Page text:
Skip to Content
Author's profile photo Marko Lange

Accenture on Sustainability in the Chemical Industry

Sustainability is an integral part of becoming a high-performance business. With the known implications of global climate change, companies are moving toward a low-carbon economy to meet the requirements of consumers and policy makers.  This includes improving energy efficiency, reducing emissions, and cutting down on water and waste consumption. Accenture has recommended a short list of principles and guidelines to help chemical companies manage the short-term challenges and help companies succeed in the long-run. These 4 principles are:

1.       Go Where the Money is Companies should invest in areas that will increase their market share and attract investors. This means investing in green and eco-friendly products and operations. Not only do these operations reduce costs and help the environment, but there is an actual market for them. According to two Accenture surveys, consumers continue to prefer “sustainable” products over other products.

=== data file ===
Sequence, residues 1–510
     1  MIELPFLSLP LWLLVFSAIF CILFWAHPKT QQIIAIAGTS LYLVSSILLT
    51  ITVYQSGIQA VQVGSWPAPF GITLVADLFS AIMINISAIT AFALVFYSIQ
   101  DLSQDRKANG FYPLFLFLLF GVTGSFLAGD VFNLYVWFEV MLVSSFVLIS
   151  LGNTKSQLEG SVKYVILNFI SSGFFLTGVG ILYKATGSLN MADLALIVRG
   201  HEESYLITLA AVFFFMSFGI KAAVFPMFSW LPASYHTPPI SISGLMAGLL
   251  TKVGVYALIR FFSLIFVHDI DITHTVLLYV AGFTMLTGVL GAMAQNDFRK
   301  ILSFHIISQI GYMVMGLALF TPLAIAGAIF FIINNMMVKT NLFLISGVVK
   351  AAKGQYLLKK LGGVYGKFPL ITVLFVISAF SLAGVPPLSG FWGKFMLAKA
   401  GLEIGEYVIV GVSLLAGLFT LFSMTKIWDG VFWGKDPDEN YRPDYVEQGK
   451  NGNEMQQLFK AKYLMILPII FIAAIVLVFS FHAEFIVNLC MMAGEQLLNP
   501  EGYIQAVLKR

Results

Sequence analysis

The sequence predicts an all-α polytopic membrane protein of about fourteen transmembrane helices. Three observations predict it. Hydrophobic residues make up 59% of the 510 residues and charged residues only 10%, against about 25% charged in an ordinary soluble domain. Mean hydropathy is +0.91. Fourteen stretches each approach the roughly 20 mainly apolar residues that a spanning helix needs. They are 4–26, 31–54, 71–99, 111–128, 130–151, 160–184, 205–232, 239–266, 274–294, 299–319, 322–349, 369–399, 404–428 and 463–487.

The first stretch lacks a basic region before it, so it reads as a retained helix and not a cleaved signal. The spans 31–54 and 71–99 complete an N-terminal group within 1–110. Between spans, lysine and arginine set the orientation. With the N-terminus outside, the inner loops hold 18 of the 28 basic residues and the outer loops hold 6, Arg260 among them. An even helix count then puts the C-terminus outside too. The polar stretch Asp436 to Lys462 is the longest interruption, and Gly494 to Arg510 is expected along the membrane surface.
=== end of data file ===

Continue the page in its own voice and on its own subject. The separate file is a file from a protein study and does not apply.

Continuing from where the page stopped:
2.       Align cost reduction with sustainability action To decrease costs and increase their attractiveness in the market companies should implement initiatives that reduce environmental impacts and operational costs. By aligning sustainability with cost reduction companies increase customer satisfaction, decrease their carbon footprint, and increase margins.

3.       Building intangible assets The formula is easy: more intangible assets equals a higher market value. Many companies are using sustainability to build close relationships with key stakeholders and competitors to become more attractive in the market. By building these relationships companies are increasing the transparency of their sustainability actions and their impact. This helps companies influence the direction of public debate and helps them prepare for new environmental regulations.